What Can I Do with the Degree?

You can do many things with an accounting degree other than serve clients in an office. For instance, you can teach or work in marketing, become an auditor or an expert witness, or work in coaching to help other accountants get started with their businesses. Most accountants, however, do the following:

  • Examine financial statements
  • Ensure compliance of business and financial documents, tax returns and legal papers
  • Estimate and prepare taxes
  • Provide internal audits for clients
  • Organize and maintain files
  • Consult with clients on best practices for bookkeeping and finances in business and life

You should know that accounting is not a one-size-fits-all field, but rather a broad industry. It can be broken down into smaller niches, such as:

  • Public Accountants
  • Management Accountants
  • Government Accountants
  • Internal Auditors
  • External Auditors
  • Information Technology Auditors

What’s the Job Outlook?

The job outlook for accountants is excellent. The median wage for accountants in May of 2016 was $68,150. Keep in mind that this is the median – an average – which means the longer you’re in the field, the more you can make. Most CPAs who spend their careers in accounting make six figures for much of their careers.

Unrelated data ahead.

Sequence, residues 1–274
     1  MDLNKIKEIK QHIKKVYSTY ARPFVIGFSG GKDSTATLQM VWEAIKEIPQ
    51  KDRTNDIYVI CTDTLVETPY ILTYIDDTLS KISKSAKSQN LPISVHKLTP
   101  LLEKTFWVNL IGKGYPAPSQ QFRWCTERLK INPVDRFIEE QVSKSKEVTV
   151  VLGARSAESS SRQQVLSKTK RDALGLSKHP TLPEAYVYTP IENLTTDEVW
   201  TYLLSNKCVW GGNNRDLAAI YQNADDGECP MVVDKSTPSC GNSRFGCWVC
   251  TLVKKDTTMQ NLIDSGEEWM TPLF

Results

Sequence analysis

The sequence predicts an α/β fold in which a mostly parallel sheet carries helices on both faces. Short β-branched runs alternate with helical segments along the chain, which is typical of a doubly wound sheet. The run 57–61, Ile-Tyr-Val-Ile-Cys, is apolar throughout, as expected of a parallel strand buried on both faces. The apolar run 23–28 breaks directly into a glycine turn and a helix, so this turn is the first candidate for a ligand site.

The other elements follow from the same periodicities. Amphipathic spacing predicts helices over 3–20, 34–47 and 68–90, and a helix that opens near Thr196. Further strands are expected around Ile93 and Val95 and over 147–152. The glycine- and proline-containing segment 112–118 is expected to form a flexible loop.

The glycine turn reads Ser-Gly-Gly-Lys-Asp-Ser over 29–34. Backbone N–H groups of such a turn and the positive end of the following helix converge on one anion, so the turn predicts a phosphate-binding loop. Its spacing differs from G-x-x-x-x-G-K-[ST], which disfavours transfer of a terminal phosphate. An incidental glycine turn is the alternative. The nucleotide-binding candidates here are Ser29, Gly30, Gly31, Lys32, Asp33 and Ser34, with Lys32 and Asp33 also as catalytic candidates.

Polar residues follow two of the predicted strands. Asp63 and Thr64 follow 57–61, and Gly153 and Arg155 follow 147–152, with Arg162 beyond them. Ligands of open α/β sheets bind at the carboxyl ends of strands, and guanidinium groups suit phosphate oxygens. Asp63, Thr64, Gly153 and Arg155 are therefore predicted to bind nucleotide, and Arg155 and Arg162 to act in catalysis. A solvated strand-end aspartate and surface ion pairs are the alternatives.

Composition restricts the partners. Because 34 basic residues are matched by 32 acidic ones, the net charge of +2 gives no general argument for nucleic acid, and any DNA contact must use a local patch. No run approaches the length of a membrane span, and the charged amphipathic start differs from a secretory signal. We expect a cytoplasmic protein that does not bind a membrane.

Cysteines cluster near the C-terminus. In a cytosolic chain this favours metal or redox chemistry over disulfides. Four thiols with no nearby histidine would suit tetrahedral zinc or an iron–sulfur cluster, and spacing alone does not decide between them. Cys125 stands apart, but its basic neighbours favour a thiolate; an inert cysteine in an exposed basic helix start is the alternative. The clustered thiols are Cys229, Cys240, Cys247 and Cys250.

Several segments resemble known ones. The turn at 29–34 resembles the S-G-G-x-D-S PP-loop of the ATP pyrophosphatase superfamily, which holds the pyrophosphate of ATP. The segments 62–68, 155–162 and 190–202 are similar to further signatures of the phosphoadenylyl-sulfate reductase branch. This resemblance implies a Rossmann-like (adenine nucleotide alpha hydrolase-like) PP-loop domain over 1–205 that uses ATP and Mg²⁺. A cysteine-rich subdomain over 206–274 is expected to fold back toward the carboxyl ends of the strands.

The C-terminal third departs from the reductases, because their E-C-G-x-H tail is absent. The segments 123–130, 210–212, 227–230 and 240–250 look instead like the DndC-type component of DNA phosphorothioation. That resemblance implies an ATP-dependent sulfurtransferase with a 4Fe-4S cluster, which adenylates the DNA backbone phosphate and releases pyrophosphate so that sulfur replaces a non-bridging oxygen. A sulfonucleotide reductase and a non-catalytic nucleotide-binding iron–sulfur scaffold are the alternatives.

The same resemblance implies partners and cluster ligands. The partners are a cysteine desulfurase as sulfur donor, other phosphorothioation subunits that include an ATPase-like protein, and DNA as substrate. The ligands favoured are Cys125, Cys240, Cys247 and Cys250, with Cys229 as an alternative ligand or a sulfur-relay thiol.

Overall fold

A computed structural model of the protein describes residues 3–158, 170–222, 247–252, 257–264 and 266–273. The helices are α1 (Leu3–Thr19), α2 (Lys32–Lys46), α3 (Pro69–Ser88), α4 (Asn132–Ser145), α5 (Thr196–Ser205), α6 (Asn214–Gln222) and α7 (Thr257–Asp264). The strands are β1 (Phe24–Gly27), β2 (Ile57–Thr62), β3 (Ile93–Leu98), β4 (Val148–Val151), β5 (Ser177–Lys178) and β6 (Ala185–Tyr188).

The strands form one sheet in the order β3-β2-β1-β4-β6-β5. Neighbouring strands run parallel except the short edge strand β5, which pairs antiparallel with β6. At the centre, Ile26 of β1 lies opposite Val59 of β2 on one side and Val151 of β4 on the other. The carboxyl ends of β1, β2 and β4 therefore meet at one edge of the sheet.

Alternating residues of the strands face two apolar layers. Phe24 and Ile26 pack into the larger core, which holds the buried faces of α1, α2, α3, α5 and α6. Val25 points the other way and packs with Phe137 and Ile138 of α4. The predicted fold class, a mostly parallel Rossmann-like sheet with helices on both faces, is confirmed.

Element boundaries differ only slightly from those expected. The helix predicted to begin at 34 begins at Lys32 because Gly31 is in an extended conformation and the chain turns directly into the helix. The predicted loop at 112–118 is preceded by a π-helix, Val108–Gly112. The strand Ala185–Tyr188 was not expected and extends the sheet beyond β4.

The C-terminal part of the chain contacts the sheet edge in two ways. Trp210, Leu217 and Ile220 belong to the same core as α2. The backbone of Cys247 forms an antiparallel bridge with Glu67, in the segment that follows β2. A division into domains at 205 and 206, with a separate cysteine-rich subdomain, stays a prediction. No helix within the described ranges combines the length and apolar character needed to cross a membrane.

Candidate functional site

Currently, there are about 1,397,700 practicing accountants, according to the Bureau of Labor Statistics. Jobs are predicted to grow at a rate of 10 percent between 2016 and 2026, which is considerably faster than average. Anyone graduating with a degree in accounting during this time period is likely to have no trouble finding a job.

What Are the Hours Like?

The majority of accountants work full time, with about 20 percent of them working more than 40 hours a week. It’s most common to work overtime in tax season, from January through April 15 … and sometimes later, if you’re working to help clients on extension meet the October 15 deadline. Most accountants find the work stimulating enough that they don’t mind long hours.

What Skills and Knowledge Are Required?

Becoming an effective and experienced accountant involves a great variety of skills and abilities. These include:

  • Deep knowledge of economics and accounting
  • Understanding of a variety of mathematical fields, including algebra, calculus and statistics
  • Facility with the English language
  • Good grasp of clerical duties and organizational systems
  • Strong transcription skills
  • Fast typing speed to keep up with client information in interviews and during phone calls
  • Expert use of tax and legal forms
  • Considerable savvy when it comes to technology
  • Active and compassionate listening, as accounting clients often have difficult back stories and financial challenges
  • Strong reading and writing skills
  • Deep analytical and critical thinking skills, as accountants often encounter knotty problems without clear, established answers
  • Deductive reasoning
  • Good people skills
  • Excellent ability to read people, as clients are not always entirely truthful when it comes to finances, and you don’t want to get caught up in anything

Naturally, this is not a complete list of the skills you will need to work as a Certified Public Accountant. You can get a more comprehensive list of courses by speaking with the director of your intended program, whether that means a Bachelor’s Degree or a Master’s in Accounting.